TV Party is a new Friday feature in which Film Editors Dominick Mayer and Justin Gerber alongside Editor-in-Chief Michael Roffman suggest one movie apiece to enjoy over the weekend. Joining them each week will be two rotating film staff writers to help round out the selections. Seek out any of the films via Netflix, Amazon, Redbox, Hulu, OnDemand, or abandoned Blockbuster and Hollywood Video stores — however you crazy kids watch movies these days! Enjoy ’em for the first time, a second, or maybe a redemptive third.
Admittedly, I’m cheating a bit with this week’s entry, because I just published a piece earlier in the week about Laika, but seriously, ParaNorman is essential viewing. As Norman, Kodi Smit-McPhee embodies every weird kid in school who wasn’t particularly off or dangerous or unfriendly, but was just too strange to relate to their peers. And when Norman’s gift for communicating with the dead leads to him having to save the good(ish) people of Blithe Hollow from a centuries-old witch, it’s not as though Norman suddenly becomes an unlikely hero. He’s still a misfit, trying to rescue a bunch of people who’re either too dumb or too uninterested to care.
As both a slyly subversive family movie and a loving homage to horror fandom and to the Hammer creepshows of yore, ParaNorman excels. It has a lot to say about forgiveness and ignorance and the emptiness of revenge, all within a darkly comic, visually breathtaking lark. In its lack of overexertion to appeal to all audiences, ParaNorman does precisely that. Its innate understanding of what makes the macabre appealing to kids of all ages, and how that gets warped in ever sadder directions as we get older, is remarkable stuff for what was written off by some as another Burton-esque, gothic, stop-motion flick.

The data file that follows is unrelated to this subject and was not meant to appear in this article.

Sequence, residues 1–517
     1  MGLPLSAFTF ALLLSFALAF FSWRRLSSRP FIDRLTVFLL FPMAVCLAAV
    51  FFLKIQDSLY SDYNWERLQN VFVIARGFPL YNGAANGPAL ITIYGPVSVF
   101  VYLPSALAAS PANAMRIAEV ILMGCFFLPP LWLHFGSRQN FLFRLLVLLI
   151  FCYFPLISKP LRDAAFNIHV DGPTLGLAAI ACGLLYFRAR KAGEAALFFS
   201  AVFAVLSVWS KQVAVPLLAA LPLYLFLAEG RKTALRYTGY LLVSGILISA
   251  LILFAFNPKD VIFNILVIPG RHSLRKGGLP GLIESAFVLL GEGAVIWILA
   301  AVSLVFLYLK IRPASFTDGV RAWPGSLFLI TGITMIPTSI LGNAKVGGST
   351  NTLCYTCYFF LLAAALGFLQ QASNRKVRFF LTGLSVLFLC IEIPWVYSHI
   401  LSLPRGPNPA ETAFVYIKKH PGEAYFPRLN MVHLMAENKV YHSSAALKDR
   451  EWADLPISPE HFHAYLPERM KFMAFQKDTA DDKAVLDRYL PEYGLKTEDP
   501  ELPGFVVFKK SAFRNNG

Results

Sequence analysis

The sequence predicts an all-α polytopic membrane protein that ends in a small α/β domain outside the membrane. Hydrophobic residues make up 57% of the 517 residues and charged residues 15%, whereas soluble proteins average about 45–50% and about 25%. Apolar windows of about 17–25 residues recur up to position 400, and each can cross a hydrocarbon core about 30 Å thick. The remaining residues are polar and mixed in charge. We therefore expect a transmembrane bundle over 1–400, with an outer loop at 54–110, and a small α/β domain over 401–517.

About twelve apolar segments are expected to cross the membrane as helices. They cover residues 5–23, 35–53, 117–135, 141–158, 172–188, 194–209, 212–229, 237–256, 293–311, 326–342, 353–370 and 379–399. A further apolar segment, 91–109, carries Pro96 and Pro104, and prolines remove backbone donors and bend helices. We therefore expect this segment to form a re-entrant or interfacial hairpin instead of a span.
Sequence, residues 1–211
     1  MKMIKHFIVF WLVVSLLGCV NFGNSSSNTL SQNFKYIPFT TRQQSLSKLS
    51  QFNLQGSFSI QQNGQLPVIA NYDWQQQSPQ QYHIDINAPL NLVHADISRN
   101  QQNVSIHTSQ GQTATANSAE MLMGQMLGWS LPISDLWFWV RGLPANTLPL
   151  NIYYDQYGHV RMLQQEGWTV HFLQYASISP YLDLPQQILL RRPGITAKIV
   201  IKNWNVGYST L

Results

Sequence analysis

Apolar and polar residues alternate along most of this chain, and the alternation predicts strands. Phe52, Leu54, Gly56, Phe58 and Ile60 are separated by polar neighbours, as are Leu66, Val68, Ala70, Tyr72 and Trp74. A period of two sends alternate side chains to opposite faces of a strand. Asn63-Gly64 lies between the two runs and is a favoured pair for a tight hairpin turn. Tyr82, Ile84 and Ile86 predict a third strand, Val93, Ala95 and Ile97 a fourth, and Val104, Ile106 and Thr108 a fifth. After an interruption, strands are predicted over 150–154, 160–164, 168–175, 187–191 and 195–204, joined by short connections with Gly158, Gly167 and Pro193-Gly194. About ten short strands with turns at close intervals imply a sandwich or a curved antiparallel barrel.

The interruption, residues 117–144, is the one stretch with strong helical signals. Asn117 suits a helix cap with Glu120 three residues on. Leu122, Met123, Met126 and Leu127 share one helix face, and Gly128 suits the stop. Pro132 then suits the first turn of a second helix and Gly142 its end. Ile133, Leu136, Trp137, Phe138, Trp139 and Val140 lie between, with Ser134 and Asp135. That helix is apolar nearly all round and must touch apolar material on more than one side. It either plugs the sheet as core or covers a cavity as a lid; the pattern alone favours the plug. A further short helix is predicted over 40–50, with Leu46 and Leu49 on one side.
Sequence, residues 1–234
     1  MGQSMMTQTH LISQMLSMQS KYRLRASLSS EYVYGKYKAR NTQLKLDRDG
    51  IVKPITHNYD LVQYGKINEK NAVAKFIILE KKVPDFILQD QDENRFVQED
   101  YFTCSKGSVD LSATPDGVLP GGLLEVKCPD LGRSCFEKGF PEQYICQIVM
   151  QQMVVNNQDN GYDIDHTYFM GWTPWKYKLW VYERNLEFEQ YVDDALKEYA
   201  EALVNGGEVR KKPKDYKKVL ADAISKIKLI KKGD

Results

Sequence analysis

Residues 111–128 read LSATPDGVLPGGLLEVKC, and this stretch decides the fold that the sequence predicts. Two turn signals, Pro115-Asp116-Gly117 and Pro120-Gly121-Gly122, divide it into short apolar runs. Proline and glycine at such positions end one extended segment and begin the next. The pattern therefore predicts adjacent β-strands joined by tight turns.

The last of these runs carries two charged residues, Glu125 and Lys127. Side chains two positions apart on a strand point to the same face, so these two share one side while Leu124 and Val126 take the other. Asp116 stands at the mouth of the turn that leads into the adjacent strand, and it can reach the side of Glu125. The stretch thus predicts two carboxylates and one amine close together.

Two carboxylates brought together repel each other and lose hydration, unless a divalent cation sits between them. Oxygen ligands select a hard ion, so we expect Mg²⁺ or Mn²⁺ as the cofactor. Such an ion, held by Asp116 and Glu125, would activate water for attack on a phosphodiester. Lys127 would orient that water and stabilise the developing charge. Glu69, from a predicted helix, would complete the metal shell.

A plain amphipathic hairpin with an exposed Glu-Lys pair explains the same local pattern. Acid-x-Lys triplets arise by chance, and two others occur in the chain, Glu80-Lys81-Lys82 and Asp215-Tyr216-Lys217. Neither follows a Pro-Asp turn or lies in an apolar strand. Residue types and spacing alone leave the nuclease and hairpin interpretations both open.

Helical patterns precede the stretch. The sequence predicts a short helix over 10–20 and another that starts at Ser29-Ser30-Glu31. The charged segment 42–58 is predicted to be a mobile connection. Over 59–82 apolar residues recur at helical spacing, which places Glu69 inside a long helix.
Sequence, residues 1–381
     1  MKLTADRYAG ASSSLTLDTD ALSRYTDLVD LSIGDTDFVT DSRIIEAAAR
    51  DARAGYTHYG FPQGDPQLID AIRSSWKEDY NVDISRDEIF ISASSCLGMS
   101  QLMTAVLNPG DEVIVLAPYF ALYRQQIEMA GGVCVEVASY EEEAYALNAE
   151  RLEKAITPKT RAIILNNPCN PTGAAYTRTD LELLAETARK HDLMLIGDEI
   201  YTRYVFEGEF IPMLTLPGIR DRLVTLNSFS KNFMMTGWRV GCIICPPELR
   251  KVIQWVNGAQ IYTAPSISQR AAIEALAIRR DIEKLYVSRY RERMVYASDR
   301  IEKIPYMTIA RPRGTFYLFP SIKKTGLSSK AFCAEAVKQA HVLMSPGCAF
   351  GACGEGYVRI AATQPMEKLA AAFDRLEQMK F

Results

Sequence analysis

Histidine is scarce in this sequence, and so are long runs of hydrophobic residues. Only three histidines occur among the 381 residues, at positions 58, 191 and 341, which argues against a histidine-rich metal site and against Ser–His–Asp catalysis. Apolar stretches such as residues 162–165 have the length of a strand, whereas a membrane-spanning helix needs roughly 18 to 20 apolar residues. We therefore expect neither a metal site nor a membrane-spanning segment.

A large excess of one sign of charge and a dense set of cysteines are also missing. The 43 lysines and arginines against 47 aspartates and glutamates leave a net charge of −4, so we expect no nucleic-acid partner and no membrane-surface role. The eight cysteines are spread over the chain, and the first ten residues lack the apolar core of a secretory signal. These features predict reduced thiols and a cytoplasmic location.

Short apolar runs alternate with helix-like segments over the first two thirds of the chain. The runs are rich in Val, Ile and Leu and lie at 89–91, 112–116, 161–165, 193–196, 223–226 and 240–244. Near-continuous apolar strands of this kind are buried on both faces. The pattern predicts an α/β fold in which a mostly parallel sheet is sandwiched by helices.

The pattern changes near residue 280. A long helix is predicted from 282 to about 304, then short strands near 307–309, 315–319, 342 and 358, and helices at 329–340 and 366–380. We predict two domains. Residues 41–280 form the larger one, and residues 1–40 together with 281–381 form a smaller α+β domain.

With V/H/S: Viral just around the corner, I feel obligated to recommend a movie from the V/H/S series. While the first V/H/S film has its moments (particularly the opening and closing chapters), I find that V/H/S/2 is the stronger of the two films. This 2013 “found-footage” release offers up four tales as opposed to the original’s five, making for more developed stories and characters. Plus, the entries are just more effective, especially “Safe Haven” and “Slumber Party Alien Abduction”. The first title is a lie, and the second one tells it as it is, but both make for disturbing viewings.
“Safe Haven”, co-directed by Timo Tjahjanto and Gareth Evans (The Raid films), tells a story of a cult whose leader has agreed to meet with a news team. Oh, the cult turns out to be evil and there is a demon baby involved. Choosing to film the short in the comfort of daylight makes the terror to come much more unexpected, as people are violently eliminated in order for one entity to enter the world. Speaking of entering the world, “Slumber Party Alien Abduction” takes place mostly at night, and for anyone who’s ever hosted a sleepover, it’s hard to imagine not relating to a group of kids trying to prevent themselves from being, well, abducted. An underwater scene scared the living hell outta me.
Surprisingly, the first tale by Adam Wingard (You’re Next, The Guest) proves to be the least memorable, but the four that follow make V/H/S/2 a more than worthy follow-up. Have a horrifying weekend.